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ePlasty: Vol. 13
Breast Reduction Mammaplasty
Karan Chopra, MD,a Kashyap K. Tadisina, BS,b and Devinder P. Singh, MDc

aDepartment of Plastic and Reconstructive Surgery, The Johns Hopkins Hospital, Baltimore, Md; bUniversity of Illinois at Chicago College of Medicine, Chicago, Ill; and cDivision of Plastic Surgery, University of Maryland School of Medicine, Baltimore, Md


Correspondence: This e-mail address is being protected from spambots. You need JavaScript enabled to view it

Keywords: gigantomastia, inferior pedicle reduction mammaplasty, large volume breast reduction, macromastia, wise pattern mammaplasty

DESCRIPTION

A 45-year-old obese woman presented for evaluation of her symptomatic large breasts. After consultation, the patient elected to undergo bilateral Wise pattern breast reduction with inferior pedicle.

QUESTIONS

1. When is breast reduction indicated and what are the most popular techniques used?

2. What are advantages/disadvantages of the Wise pattern inferior pedicle technique?

3. What are the advantages and disadvantages of liposuction reduction?

4. What are common complications of breast reduction?

DISCUSSION

Reduction mammaplasty is one of the most common procedures performed by plastic surgeons today.1 Reduction is indicated for patients with symptomatic breast hypertrophy. Large ptotic breasts can quickly become troublesome for patients, leading to potentially debilitating symptoms and a poor quality of life. Patients seeking breast reduction commonly present with complaints of back pain, neck pain, severed discomfort, unwanted harassment, and poor self-image, among other symptoms. These patients can benefit greatly from a reduction in breast size, as most symptoms are relieved by reduction mammaplasty.2,3 The inferior pedicle-based Wise pattern reduction mammaplasty technique is the most popular reduction method used by plastic surgeons in the United States. According to a 2006 survey of plastic surgeons, 69% used the Wise pattern reduction technique as their preferred mammaplasty technique. Besides the Wise pattern technique, the short scar reduction technique is the most popular option, especially in European countries. However, due to several limitations, including a steeper learning curve, inability to visualize the final outcome in the early postoperative period, high re-operation rate, and increased risk of litigation, it is less popular in the United States.4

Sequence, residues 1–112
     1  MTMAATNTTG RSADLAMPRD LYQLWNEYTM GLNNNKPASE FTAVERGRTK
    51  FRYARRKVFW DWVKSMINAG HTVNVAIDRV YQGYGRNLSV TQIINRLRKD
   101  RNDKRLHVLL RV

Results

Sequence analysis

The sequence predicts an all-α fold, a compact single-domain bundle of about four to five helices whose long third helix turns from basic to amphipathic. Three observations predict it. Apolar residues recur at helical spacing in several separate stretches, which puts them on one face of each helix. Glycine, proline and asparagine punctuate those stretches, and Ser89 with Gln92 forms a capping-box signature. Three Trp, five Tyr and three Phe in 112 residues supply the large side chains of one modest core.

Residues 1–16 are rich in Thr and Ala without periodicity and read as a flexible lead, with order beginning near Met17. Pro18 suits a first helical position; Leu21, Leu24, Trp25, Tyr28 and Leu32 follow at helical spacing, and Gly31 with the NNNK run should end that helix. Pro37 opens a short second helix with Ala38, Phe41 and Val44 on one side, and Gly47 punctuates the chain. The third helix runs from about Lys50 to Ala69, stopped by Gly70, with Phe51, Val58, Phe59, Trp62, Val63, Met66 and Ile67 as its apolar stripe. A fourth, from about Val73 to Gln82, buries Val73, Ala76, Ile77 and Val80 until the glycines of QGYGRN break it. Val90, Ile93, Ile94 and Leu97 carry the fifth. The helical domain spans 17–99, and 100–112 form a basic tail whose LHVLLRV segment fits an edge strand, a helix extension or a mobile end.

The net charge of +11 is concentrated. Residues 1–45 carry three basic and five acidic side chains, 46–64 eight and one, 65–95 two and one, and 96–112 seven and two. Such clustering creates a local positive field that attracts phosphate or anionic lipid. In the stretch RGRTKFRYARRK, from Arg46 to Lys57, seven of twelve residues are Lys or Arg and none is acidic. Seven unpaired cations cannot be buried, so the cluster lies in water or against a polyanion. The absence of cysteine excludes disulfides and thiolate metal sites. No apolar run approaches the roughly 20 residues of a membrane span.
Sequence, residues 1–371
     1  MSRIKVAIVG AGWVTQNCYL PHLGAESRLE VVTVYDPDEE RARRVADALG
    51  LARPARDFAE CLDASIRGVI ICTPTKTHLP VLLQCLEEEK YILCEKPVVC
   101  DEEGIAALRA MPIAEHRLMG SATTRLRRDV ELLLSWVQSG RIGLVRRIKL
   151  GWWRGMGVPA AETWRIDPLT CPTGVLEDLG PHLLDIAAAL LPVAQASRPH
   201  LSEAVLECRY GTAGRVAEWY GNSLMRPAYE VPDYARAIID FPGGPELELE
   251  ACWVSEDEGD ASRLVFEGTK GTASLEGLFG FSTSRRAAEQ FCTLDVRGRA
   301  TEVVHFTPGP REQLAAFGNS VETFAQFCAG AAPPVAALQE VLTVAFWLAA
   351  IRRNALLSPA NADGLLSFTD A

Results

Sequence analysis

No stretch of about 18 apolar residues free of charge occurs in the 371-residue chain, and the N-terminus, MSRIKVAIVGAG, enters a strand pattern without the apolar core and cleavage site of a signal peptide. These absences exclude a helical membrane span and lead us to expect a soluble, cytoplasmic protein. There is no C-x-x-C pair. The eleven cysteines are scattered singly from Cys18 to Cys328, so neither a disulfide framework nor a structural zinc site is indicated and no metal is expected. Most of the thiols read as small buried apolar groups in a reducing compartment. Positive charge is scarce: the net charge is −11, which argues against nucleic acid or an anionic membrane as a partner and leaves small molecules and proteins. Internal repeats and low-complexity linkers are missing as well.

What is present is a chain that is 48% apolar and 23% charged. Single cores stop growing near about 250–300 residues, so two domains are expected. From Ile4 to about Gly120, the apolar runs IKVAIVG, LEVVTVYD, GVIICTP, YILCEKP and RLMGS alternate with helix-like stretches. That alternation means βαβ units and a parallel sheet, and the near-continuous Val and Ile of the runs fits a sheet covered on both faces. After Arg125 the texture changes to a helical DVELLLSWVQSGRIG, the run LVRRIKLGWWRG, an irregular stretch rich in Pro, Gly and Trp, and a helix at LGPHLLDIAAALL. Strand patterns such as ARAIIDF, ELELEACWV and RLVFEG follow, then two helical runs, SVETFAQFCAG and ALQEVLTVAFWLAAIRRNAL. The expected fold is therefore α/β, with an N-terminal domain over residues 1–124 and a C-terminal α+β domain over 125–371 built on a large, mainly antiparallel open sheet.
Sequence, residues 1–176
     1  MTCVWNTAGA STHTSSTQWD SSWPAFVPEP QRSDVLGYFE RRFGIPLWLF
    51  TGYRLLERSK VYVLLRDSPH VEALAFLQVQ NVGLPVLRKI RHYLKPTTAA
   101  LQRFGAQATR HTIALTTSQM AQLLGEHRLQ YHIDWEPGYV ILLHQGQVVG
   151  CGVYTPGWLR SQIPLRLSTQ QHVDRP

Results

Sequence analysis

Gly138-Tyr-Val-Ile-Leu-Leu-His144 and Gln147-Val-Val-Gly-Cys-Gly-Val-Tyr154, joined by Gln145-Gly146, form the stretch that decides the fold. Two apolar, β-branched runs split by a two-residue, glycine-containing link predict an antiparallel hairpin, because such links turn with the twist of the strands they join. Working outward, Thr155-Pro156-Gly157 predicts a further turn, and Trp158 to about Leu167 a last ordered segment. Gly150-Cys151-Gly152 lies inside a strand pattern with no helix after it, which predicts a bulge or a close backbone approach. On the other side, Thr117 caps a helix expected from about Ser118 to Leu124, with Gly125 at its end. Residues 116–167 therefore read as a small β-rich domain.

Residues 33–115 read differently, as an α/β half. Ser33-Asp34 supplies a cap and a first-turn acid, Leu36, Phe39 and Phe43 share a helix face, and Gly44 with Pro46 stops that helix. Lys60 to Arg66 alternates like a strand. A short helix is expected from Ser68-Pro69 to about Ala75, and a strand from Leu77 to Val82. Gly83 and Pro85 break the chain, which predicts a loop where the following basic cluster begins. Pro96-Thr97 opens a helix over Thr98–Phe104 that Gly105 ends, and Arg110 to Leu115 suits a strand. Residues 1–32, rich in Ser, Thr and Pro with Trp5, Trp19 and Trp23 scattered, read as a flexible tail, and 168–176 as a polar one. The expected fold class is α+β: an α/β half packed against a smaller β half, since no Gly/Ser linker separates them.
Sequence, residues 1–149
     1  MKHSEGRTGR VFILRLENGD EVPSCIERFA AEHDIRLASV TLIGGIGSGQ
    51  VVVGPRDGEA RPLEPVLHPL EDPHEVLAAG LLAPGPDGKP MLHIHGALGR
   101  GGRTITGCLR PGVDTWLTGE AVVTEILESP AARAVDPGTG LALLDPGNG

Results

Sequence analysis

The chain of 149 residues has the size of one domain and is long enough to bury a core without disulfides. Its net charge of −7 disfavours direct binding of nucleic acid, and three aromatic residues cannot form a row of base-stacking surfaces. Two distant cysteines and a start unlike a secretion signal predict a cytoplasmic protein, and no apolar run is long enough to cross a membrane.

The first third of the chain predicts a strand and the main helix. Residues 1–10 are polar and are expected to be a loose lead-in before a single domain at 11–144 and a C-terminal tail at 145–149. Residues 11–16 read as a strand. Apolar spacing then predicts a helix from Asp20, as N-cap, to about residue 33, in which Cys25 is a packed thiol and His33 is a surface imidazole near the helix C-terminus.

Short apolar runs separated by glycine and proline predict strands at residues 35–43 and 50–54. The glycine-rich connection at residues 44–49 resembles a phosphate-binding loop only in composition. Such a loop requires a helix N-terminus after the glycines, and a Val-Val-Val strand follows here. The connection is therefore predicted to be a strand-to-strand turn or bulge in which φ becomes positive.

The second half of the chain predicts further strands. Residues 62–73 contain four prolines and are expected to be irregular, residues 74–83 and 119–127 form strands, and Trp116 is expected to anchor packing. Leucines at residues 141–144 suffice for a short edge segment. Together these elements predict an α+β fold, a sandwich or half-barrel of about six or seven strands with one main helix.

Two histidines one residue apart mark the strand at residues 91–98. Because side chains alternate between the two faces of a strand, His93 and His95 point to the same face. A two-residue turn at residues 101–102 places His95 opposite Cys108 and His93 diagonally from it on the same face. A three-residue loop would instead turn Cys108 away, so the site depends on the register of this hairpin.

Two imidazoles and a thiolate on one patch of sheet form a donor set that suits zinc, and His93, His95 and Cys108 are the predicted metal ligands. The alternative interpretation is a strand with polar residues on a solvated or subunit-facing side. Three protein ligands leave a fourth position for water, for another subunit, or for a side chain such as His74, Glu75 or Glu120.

The Wise pattern technique offers surgeons versatility and wide access to the breast parenchyma with the inverted T incision, allowing this technique to be used effectively for a large variety of reduction sizes, especially high-volume reductions. In addition to its versatility, this technique also yields predictable and reliable results, including intact nipple sensitivity. Furthermore, patients undergoing reduction with Wise pattern mammaplasty report satisfaction rates comparable to those of other techniques.5,6 One of the drawbacks to the Wise pattern technique, however, is that compared to a smaller incision technique, there is a more obvious scar, some of which can become hypertrophic. Furthermore, Wise pattern breast reductions are more prone to wound complications at the inverted T closure and have a tendency to start “bottoming out” postoperatively, or become wider and flat, with nipples pointing superiorly, leaving the superior pole with an “empty” deflated appearance.5,6